Is this the end of blogs?

Will AI lead to nobody reading our blogs anymore?

This is the second issue of my new newsletter. This time, I'm focusing on developments in the field of web search. You can subscribe to the newsletter here


"What is AI doing to us?" is one of the big questions currently circling many of us, especially those engaged in creative work. Will "AI" soon be writing all our texts? Do we even need illustrators anymore? Can AI not write the source code for that? Are they allowed to just collect all our data and make a product out of it?

As a blogger and programmer, I believe we will endure. Already, it is becoming clear that many people want to find something personal in the texts. And even if that is limitedly possible, I believe that in the future, the seal of "Written by a human" will give our texts even more value.

But what if nobody finds our texts anymore?

Welcome to the world of web search. For a few years now, we have known that search behavior is changing. Those using a voice assistant and asking who the current chancellor is will not receive a list of links to current sources but the direct answer to the question.

Now AI and LLMs are also entering the vast field of search and likely frightening Google. Are they also frightening us website operators?

When I refer to AI here, I also include LLMs to simplify things.

When I ask ChatGPT for specific information, I will receive a more or less long text in response and can then satisfactorily close the browser tab. However, there are two problems:

I don't know if the information is accurate. ChatGPT could just "make it up" because it sounds good and fits into the statistical model.
Additionally, I don't receive further information like links. So, I'm stuck if I want more information.

First services like Arc Search and Perplexity are now taking a different approach. They offer an AI-powered search where I can ask my question - just like I would ask ChatGPT, in natural language.

In response, I also get a short answer to my question here. The difference, however, is that all sources are shown to me, so I can click further. In addition, possible further questions are presented to me if I want to delve deeper into the topic.

Why bother?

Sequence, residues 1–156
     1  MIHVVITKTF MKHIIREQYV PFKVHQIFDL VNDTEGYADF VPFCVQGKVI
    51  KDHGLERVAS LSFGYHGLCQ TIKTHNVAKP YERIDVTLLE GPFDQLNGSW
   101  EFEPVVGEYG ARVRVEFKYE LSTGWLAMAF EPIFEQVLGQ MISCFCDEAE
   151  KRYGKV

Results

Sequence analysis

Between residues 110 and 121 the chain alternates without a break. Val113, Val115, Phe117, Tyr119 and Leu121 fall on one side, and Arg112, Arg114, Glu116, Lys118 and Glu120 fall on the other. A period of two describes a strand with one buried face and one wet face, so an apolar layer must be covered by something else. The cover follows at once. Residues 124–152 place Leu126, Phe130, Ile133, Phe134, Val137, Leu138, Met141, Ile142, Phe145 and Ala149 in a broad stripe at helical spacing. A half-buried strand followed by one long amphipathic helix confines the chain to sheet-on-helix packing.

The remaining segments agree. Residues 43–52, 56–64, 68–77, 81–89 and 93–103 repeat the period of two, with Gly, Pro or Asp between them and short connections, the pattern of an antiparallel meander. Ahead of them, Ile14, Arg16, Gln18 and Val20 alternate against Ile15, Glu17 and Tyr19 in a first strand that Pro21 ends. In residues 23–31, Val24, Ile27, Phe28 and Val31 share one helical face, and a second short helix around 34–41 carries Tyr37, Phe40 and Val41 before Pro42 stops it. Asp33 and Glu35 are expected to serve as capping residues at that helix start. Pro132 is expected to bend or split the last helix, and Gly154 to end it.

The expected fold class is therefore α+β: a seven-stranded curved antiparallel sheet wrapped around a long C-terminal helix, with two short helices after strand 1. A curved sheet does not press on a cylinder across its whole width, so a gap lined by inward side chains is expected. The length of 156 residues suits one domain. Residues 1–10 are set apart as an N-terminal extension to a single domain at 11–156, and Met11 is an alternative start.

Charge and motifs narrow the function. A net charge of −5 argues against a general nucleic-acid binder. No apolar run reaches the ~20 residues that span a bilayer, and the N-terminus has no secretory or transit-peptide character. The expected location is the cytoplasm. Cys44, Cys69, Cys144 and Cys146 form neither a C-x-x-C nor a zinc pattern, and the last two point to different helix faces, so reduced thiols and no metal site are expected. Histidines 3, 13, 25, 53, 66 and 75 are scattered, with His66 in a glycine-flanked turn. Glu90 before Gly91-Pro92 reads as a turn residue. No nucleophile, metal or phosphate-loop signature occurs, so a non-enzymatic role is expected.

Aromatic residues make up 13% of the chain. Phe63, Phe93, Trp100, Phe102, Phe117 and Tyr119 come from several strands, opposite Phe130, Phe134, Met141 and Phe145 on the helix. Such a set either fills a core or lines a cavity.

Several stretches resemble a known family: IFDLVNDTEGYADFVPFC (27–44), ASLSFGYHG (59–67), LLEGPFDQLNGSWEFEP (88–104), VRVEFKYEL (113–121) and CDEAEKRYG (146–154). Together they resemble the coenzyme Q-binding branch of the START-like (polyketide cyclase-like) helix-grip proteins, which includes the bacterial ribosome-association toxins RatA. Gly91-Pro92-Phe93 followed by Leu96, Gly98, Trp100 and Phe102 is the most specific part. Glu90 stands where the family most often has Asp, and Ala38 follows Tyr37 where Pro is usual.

Classic search engines like Google have been ailing for some time. They primarily serve as advertising channels and are cluttered with SEO content. It's becoming increasingly difficult to find helpful information. More and more users are adding the keyword "reddit" to their Google searches because it then focuses on Reddit and delivers better results.

Will anyone still visit my website?

If you operate Wikipedia, it could get tight. I believe such sites will increasingly become information providers for AIs. Only those who really want to delve deeply into a topic will then continue to visit such sites.

If you write SEO content for clicks in search engines... well... I'm afraid you'll have a hard time. But that doesn't really make me sad.

Do you run a blog or something similar? Then I'm optimistic.

Whenever there are one or more people behind a website who bring something personal to it, these sites will remain interesting. Niche sites that build a community around them, offering networks and direct channels for interaction with readers, might even benefit from the development. Here, the exchange and networking play an increasingly important role, something that AI does not bring.

We've forgotten a bit about this in our blogs over the past ten years. But things are changing. Blogrolls are being reintegrated, webmentions allow reacting to other posts, comments are being reopened, and sites are starting to build communities. Some even become profitable thanks to Steady and Patreon.

Those just looking for quick information on a topic will probably visit our websites less and less. Those who are truly interested in a topic and seek interaction will stop by.

I noticed this when switching from Twitter to Mastodon. Even with only a third of the followers compared to Twitter at the time, a much more intense exchange took place, which I found much more valuable. I think something similar will happen with our websites.

What you could do now

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